WASHINGTON — The eight largest financial institutions will have to raise roughly $68 billion over the next several years to meet a tough new leverage ratio finalized by regulators on Tuesday.

The Federal Deposit Insurance Corp., the Federal Reserve Board, and the Office of the Comptroller of the Currency unanimously endorsed the ratio, which is designed to prevent the largest banks from becoming as highly leveraged as they were in the lead up to the 2008 financial crisis.

"This is a rule of significant consequence," said FDIC Chairman Martin Gruenberg at the agency's board meeting. "In my view, this final rule may be the most significant step we have taken to reduce the systemic risk posed by these large, complex banking organizations."

Under pressure from top FDIC officials, regulators agreed last summer to go beyond the Basel Committee on Banking Supervision's suggested 3% minimum leverage ratio for the top eight U.S. institutions, which are considered the most systemically important, and tack on an additional buffer for those companies and their insured subsidiaries.

Regulators have repeatedly argued the necessity of raising the leverage ratio to serve as a backstop in order to adequately complement robust risk-based capital rules that have been put into place in recent years.

"It helps compensate for the possibility that risk-weighted measures understate the risk that large holdings of assets that are very safe in normal times may, as we observed during the financial crisis, become considerably less so in periods of serious financial market stress," said Fed Gov. Daniel Tarullo, at the agency's board meeting.

As a result, all three agencies agreed to lift how much the biggest banks and their insured subsidiaries are allowed to borrow against their total balance sheets to a total of 5% and 6%, respectively.

Banks such as JPMorgan Chase, Wells Fargo, Citigroup, and Bank of America must begin meeting the tougher requirement starting in January 2018. Despite opposition, they will also have to begin disclosing their leverage ratio starting next year.

The final leverage ratio approved by the agencies, however, can change in the future. All three banking regulators separately agreed to weigh an additional proposal that would make critical changes to how the leverage ratio is calculated.

The adjustments incorporated revisions made by the Basel Committee in January 2014, which included ensuring exposure requirements adequately reflected the economic realities tied to certain transactions that banks regulatory engage in, such as the clearing of derivatives a bank does on behalf of a customer.

Industry representatives said they are looking closely at the new plan. David Wagner, executive managing director and head of finance affairs for The Clearing House, said it was vital that any final leverage rule supplement the risk-based capital regime, but not serve as a binding constraint.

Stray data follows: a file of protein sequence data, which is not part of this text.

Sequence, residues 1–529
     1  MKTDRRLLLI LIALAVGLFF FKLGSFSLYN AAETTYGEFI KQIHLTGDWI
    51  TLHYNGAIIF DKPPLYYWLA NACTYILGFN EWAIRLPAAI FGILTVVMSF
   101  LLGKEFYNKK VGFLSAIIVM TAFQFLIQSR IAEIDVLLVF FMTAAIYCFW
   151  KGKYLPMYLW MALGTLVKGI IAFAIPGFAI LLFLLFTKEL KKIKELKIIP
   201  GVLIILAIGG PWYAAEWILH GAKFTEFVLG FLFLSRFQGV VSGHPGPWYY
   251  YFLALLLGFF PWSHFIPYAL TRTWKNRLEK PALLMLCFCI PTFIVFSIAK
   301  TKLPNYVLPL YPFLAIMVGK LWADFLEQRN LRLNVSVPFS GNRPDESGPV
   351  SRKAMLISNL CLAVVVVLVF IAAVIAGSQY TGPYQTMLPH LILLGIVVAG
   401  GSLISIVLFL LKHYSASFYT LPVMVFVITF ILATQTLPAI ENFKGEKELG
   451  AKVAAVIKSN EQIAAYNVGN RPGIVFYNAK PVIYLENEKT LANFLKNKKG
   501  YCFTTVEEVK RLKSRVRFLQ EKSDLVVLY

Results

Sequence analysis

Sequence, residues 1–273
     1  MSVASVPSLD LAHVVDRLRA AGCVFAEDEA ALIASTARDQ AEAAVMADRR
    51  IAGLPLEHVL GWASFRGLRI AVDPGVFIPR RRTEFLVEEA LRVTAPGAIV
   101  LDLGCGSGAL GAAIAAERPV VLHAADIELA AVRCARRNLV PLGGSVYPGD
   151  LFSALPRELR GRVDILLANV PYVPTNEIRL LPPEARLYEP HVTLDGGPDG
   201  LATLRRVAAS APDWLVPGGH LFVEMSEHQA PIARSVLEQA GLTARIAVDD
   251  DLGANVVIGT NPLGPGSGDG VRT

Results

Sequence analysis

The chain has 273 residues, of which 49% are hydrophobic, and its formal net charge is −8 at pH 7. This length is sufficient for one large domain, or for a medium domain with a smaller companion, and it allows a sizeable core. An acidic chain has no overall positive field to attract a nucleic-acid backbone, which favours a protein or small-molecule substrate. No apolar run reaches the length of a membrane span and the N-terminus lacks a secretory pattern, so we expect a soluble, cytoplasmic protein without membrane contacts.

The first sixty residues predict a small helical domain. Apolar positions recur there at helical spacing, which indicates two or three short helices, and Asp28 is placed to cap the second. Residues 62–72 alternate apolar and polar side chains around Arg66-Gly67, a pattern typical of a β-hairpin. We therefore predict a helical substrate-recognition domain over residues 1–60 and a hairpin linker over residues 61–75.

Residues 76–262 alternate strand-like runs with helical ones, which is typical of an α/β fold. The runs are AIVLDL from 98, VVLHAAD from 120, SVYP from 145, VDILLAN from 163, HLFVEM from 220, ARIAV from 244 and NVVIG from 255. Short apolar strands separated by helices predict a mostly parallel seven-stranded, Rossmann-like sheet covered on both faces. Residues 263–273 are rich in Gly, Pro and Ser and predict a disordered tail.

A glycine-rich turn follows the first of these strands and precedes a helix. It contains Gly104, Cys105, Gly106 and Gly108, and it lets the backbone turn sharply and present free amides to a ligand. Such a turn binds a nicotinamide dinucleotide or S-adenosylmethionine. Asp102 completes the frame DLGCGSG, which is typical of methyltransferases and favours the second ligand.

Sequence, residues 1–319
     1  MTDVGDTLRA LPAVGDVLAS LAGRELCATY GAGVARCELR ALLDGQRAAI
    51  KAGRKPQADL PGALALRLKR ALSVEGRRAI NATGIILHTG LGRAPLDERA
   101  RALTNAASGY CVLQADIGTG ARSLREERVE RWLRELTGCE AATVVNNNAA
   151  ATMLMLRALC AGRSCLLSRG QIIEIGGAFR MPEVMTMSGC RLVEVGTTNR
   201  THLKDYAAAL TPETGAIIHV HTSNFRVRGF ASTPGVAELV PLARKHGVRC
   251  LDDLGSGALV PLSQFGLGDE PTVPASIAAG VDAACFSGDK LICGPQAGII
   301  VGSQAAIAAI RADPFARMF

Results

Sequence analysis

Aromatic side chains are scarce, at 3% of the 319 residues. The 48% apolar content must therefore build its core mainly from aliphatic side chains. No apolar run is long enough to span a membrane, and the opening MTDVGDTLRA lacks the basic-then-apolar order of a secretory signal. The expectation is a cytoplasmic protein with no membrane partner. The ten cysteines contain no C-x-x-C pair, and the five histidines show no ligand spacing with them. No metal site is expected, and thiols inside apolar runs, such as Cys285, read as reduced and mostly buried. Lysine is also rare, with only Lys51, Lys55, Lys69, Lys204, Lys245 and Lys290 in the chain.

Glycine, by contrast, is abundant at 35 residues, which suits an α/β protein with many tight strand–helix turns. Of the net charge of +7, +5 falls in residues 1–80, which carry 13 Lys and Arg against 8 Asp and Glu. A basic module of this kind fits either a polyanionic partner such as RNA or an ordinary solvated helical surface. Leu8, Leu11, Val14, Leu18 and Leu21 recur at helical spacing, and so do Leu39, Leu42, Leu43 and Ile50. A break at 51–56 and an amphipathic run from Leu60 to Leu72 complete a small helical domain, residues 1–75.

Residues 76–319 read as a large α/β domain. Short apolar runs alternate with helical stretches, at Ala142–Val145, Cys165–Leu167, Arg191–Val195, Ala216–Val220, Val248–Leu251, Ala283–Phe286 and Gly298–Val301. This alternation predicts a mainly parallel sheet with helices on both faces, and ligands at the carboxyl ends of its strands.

"We will be carefully reviewing and commenting on the U.S. agencies' new proposal to ensure it achieves the right balance on this point and accurately reflects banks' real economic exposure for different types of assets," said Wagner.

Already, all eight firms meet the 3% minimum enhanced leverage, a fact that Jeremiah Norton, a director of the FDIC Board suggested meant that a "more robust leverage ratio" for the biggest banks had been "warranted."

In total, bank holding companies would be required to shore up additional capital of $68 billion, a figure that reflects the final rule and the proposed changes made to the denominator. Their insured depositories would have to raise even more, closer to $97 billion, given the higher threshold they must meet.

Banks have dramatically improved their Tier 1 capital over the last five quarters since the initial estimates were taken based on data from the third quarter of 2012. While banks have made significant improvements, the total aggregate amount they will need to raise is still higher than initial estimates.

Regulators made the case that a tougher rule would incentivize firms to hold capital well above the regulatory minimums.

"These banking organizations would have to hold substantially increased levels of high-quality capital as a percentage of their total on- and off-balance sheet exposures to avoid restrictions on capital distributions and discretionary bonus payments," said Fed Chair Janet Yellen at the board meeting.

Any changes to the denominator would impact the heft of the overall ratio, potentially making a 5% leverage requirement for holding companies much more stringent. As more assets are brought into the definition of the denominator, the tougher the requirement.

Separately, the Fed's staff memo also made clear that the new proposal would not have an impact on the Federal Open Market Committee's ability to pursue its monetary policy objectives.

"The Federal Reserve has a flexible and diverse policy toolkit that can offset most, if not, all unwanted pressures that may develop as a result of the supplementary leverage ratio, and so any effect likely would be limited," according to the Fed's memo.

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